Arrive at Hong Kong's impressive modern airport and you get a sense not only of the city-territory's status as one of the world's great crossing points, but of China's immense potential as an aviation market. Among the well-heeled financiers flying to Frankfurt and backpackers en route to Bali will be thousands of Hong Kong residents and Chinese citizens taking a trip on an airliner for the first time.
The former British colony may be one of the true global cities, but it is also a gateway to the world's most dynamic economy, China. Thanks to its proximity to and status as a special administrative region of the People's Republic, Hong Kong is an even more important metropolis today than in its heyday as an imperial trade hub.
Blessed with liberal laws, stunning scenery and a dynamic, cosmopolitan culture - a mix of colonial heritage, Chinese enterprise and a work-hard, play-hard ethos - Hong Kong is a nerve centre of the new China and a great place to live and work.
| Bright lights, big city: Hong Kong stands at the entrance to China's booming economy|
For many decades, Hong Kong aviation has been dominated by Cathay Pacific. The privately-owned carrier is one of the world's blue chip airlines, its livery a familiar sight at international airports the world over. During the colonial era, Hong Kong's emergence as an Asian centre of trade, banking and manufacturing saw Cathay grow and prosper.
Since the handover of Hong Kong in 1997, however, the Chinese economy has gone into overdrive. While nearby cities such as Shanghai and Zhuhai have themselves become manufacturing and trading powerhouses, Hong Kong has benefited from its neighbour's success. Cathay may today face competition from Chinese airlines opening their own direct routes to the West, but it has also prospered on the back of the opening up of the massive mainland market and the millions of Chinese who want to see the world.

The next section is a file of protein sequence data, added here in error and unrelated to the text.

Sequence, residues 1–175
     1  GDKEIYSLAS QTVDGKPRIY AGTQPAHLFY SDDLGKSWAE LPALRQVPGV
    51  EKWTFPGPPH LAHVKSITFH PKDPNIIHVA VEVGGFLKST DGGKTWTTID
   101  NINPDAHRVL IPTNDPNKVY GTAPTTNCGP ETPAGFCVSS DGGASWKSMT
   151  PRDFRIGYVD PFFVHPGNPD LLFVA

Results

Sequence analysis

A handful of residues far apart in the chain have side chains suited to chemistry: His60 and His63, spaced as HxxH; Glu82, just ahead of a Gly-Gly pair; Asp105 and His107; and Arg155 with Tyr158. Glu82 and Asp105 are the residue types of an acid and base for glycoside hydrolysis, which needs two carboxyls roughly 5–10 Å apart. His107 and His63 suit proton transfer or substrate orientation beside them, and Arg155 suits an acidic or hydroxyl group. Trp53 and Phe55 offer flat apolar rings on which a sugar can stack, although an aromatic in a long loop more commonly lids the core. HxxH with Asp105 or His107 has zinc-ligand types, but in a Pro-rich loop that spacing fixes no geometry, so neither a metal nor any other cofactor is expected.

Across the region, fleets are set to grow rapidly and with it demand for flightcrew, cabin crew, maintenance engineers and managers. While China is trying to fast-track as many citizens as it can into the industry, it also needs seasoned professionals from abroad to fill cockpit seats and other roles, in the medium term at least.
This is particularly the case in Hong Kong, where Cathay and other airlines have long drawn from the expatriate community. But in mainland China too - just as in other regions where aviation is expanding, such as the Gulf - operators have been scouring the world's mature aviation markets for willing recruits. On offer: a lifestyle as well as a living.
Flying for a living is - by its very nature - a very mobile profession. Pilots have for decades moved larged distances in search of employment. However, today the opportunities for relocation are perhaps greater than ever.
The growing appetite of the Chinese for taking to the air - whether it is a shop worker enjoying a foreign holiday for the first time or the Beijing billionaire buying his first business jet - is turning Hong Kong and greater China into a major destination for pilots and other aviation professionals seeking a new challenge and a change of scene.
Hong Kong jobs on Flightglobal's Jobs page